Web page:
By: Matt Present
Editor’s Note: Shortly after this article was published, Josh Wilson was traded from Texas to Cleveland, and now plays for AAA Columbus.
Josh Wilson was the first player to commit to returning to the Revs this offseason. Manager Mark Mason thought that following Wilson’s 18th professional season the infielder might be headed towards retirement, but Wilson knew he had something left in the tank.
“During a phone conversation I said, ‘I know this is more of a formality thing, but you’re done playing right?’” recalls Mason. “And he said ‘heck no I’m not done playing, I’ve already been in the gym for two weeks!’”
The former big leaguer returned to York ready to contribute as the Revs everyday shortstop, while remaining not too far from his hometown of Pittsburgh.
However just three days before opening day, Wilson got a phone call. The Revs were getting suited up to face Lancaster in their final exhibition game of the season, and Wilson was penciled in as the starting shortstop. But he never emerged from the tunnel as he was already in a car back to York, in a hurry to pack his bags and get to the airport the following morning. He’d been signed by the Rangers. Wilson was headed to Triple-A Round Rock where he had played 92 games in 2014.
“It all happened pretty quickly,” said Wilson, “and it was definitely unexpected. My agent called me after batting practice and told me he might have a job for me, and thirty minutes later he called again and said the Rangers wanted to sign me.”
Not only did Wilson return to a familiar team, but his manager, Jason Wood, was once a teammate of his, back when the two played for the Marlins Triple-A affiliate in Albuquerque in the mid-2000s. Wilson was excited to reunite with Wood, and said that the Rangers are one of the few franchises that still look to bring in veterans from outside the organization. With this relationship and philosophy in mind, and a couple of injuries to the Express squad, Round Rock became the perfect fit.
York opened the season April 21st in New Britain, and that same day, Wilson made his debut for the Express, going 1-3 with a sacrifice fly in a loss to the Omaha Storm Chasers. Now twenty games into his season Wilson has stayed hot at the plate, batting well over .300 while playing second base, third base, and shortstop in Round Rock. While he did spend a week on the disabled list with a tight quad, Wilson hasn’t missed a beat, hitting four home runs and driving in 16 so far this season.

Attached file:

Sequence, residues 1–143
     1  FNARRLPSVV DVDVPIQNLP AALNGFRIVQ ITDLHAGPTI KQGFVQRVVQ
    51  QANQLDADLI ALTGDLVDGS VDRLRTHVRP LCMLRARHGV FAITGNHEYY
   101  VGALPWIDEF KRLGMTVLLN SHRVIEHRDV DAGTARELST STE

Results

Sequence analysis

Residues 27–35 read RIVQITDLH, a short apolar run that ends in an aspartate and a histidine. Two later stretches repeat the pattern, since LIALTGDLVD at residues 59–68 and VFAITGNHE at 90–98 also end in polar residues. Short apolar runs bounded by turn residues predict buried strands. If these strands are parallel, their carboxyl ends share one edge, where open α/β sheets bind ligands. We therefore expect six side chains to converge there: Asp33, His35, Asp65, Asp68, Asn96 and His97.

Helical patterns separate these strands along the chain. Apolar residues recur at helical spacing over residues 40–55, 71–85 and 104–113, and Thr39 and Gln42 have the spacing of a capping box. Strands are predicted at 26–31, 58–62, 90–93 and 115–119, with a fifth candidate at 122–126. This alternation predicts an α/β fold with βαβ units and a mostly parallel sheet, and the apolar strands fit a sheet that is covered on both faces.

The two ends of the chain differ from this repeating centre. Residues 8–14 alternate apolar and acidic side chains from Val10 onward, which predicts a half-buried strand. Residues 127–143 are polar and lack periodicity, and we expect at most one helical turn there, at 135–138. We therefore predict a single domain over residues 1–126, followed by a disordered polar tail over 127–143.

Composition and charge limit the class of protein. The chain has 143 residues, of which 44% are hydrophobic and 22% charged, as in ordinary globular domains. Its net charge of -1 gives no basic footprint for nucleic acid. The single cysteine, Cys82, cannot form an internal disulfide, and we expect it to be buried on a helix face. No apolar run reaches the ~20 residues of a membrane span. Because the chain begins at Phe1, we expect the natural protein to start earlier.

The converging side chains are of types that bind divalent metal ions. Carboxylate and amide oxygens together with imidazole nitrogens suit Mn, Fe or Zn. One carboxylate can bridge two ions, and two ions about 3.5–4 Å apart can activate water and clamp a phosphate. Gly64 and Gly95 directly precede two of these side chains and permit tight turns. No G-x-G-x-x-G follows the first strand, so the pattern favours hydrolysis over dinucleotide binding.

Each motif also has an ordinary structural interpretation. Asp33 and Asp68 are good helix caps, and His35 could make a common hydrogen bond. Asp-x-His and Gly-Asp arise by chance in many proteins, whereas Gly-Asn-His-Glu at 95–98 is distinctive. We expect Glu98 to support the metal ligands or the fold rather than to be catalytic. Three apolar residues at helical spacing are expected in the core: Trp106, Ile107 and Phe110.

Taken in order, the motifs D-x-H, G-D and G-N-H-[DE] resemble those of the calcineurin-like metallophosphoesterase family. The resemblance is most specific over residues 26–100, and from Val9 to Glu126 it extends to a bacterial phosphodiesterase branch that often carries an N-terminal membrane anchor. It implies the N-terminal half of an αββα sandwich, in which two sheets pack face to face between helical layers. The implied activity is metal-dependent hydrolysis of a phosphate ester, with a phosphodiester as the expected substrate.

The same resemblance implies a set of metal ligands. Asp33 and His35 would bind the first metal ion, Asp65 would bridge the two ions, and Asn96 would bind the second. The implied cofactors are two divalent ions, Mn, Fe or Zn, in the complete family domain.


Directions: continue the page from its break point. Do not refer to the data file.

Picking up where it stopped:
“It’s been awesome,” said Wilson. “I’ve been playing really well, and it’s been rejuvenating to get signed, I really wasn’t expecting that.”
The former third round draft pick of the then-Florida Marlins is now playing alongside players as young as 22 years of age, in other words, fourteen years his junior, but Wilson said he just tries to blend in, noting that his teammates have kept him current on music and pop culture. The veteran infielder just feels lucky to be out on the field, still living the dream. He plans to retire at the end of the season, but said that he wants to remain a part of the game, and has explored pursuing opportunities as a scout, or in a front office. Regardless of what path he decides to take, he said he wouldn’t be where he is now without his time in York.
“It was probably one of the best things I ever did,” said Wilson. “Honestly, going and playing in the Atlantic League, you really learn how much love and care guys have for the game, it was a really good reminder for me. Playing in York completely changed my perspective. I stopped worrying about what happened if I played well, or didn’t play well. I just went out and played. It was life changing. I just relaxed and had fun like I was in Little League again, and that experience has definitely carried into this season.”
While Wilson may no longer be present in the Revs clubhouse, he certainly left an impact on his teammates.
“From the experience that he had, guys looked up to him,” said former Revs third baseman Bryan Pounds, who played alongside Wilson on the left side of the York infield last season. “I think it’s also the way he plays the game, he plays the game hard, and coming in and just being another one of the guys.”
Pounds remembers many a late night, sitting around with Wilson and a couple of other guys, just chatting about baseball and life in general.
“When you get to play with a big leaguer, and someone that is down to earth like Josh it’s a really cool thing,” added Pounds.
“When he walked out of our clubhouse this year, we lost a leader amongst the players,” said Mason, “and that was a hit that we felt, and in some ways are still trying to recover from.” However, the skipper is also quick to point out that because of how Wilson carried himself, and his eagerness to share his knowledge with his teammates, many of them have become better, just from being around him.